UK: High Court declares certain arrangements for dealing with Upper Tribunal immigration appeals during the coronavirus pandemic, unlawful

Friday, November 20, 2020

On 20 November 2020, the High Court handed down its judgment in Joint Council for the Welfare of Immigrants v President of the Upper Tribunal (UT) (Immigration and Asylum Chamber) [2020] EWHC 3103 (Admin) declaring that certain arrangements for Upper Tribunal immigration appeals during the Covid-19 pandemic are unlawful. 

The case concerns the Presidential Guidance Note (PGN) No.1 2020 issued by Mr Justice Lane that dealt with, inter alia, the making of certain appeal decisions without a hearing, during the Covid-19 pandemic. The key question before the High Court was whether this particular section of the guidance created an ‘overall paper norm’ or, in other words, a presumption that judges should decide appeal cases based on written submissions, without an oral hearing. 

Justice Fordham concluded that, on an objective and straightforward reading and interpretation of the guidance, in light of its function and purpose, and having regard to the fact that it was directed at an audience of judges, the PGN created an overall paper norm. 

Counsel for Mr Justice Lane accepted that if the PGN created a paper norm, then the section would be unlawful. Justice Fordham, in his reasoning, explained that the guidance note took its lead from a pilot practice direction from the Senior President of Tribunals which “does not - at source - communicate an overall paper norm”. He also considered at length the common law principle of procedural fairness, pointing to, inter alia, “the central place accorded to oral argument in our common law adversarial system” and the advantages that an oral hearing can afford in terms of credibility assessments, effective representations and participatory interests. 

The PGN was deemed unlawful because, inter alia, it communicated that appeals should normally be decided on paper rather than at remote hearings during the Covid-19 pandemic, while that position is inconsistent with basic common law requirements informing the overriding objective of just and fair disposal, with which Judges are duty-bound to comply.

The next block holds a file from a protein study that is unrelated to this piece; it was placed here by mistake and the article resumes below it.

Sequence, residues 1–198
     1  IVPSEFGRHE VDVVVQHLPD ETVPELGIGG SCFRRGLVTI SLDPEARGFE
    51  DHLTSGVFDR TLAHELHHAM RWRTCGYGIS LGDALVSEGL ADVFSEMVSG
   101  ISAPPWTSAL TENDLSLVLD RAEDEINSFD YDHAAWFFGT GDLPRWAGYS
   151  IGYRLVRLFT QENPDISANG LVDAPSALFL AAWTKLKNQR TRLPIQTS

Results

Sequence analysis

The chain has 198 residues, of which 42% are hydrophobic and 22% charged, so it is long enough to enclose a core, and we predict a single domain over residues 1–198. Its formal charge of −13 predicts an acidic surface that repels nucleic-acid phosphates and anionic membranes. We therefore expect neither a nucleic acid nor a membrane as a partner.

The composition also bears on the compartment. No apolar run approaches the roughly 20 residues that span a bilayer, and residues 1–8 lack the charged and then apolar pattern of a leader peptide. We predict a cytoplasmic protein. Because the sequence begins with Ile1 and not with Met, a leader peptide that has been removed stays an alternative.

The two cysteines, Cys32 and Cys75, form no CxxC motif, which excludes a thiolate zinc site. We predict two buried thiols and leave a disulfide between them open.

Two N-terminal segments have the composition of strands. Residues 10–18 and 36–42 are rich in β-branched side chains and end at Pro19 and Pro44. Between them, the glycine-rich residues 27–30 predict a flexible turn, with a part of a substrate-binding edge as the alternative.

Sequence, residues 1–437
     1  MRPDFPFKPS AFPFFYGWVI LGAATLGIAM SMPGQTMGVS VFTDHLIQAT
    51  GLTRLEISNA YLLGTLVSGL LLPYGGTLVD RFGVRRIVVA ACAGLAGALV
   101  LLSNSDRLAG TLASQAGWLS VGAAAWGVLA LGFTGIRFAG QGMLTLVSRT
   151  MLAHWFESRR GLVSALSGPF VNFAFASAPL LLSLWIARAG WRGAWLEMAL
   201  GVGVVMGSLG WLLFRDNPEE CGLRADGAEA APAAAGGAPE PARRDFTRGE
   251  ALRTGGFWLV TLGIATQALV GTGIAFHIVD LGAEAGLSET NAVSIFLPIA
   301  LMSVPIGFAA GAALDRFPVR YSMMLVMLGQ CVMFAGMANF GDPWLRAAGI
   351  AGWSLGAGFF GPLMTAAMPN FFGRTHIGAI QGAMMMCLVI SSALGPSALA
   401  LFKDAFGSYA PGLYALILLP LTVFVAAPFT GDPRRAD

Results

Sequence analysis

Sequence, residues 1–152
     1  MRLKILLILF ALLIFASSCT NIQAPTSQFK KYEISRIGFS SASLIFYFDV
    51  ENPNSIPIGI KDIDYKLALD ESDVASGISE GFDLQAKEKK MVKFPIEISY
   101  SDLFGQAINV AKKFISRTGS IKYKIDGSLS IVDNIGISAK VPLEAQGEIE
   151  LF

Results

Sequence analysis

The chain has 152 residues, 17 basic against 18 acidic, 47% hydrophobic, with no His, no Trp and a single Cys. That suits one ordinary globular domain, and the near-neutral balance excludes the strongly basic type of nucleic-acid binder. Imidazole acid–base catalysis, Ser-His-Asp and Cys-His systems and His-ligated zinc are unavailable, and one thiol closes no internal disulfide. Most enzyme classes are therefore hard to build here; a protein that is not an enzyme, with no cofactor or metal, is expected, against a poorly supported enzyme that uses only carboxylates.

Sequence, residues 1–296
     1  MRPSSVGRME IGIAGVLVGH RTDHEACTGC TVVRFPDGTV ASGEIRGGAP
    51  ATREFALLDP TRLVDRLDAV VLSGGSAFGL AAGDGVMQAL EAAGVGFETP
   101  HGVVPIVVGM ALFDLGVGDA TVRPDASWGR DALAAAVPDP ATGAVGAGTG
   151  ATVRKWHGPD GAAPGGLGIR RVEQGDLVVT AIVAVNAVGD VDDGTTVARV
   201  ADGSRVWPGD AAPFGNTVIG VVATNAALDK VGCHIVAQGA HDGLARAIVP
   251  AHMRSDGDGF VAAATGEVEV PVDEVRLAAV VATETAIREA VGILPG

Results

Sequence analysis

Consequentially, the relevant sections of the PGN, namely paragraph 9-17, have been withdrawn. An amended guidance note has been published in light of the High Court’s findings. Secondly, the High Court ordered that, insofar as reasonably possible, the UT will bring the order of unlawfulness to the attention of any person who is party to an appeal determined without a hearing and in favour of the Secretary of State for the Home Department or where a UT judge has decided that an appeal will be determined without a hearing. It was also ordered that persons in these circumstances be strongly advised to seek legal advice.

This item was reproduced with the permission of ECRE from the ELENA Weekly Legal Update. The purpose of these updates is to inform asylum lawyers and legal organizations supporting asylum seekers and refugees of recent developments in the field of asylum law. Please note that the information provided is taken from publicly available information on the internet. Every reasonable effort is made to make the content accurate and up to date at the time each item is published but no responsibility for its accuracy and correctness, or for any consequences of relying on it, is assumed by ECRE.                               

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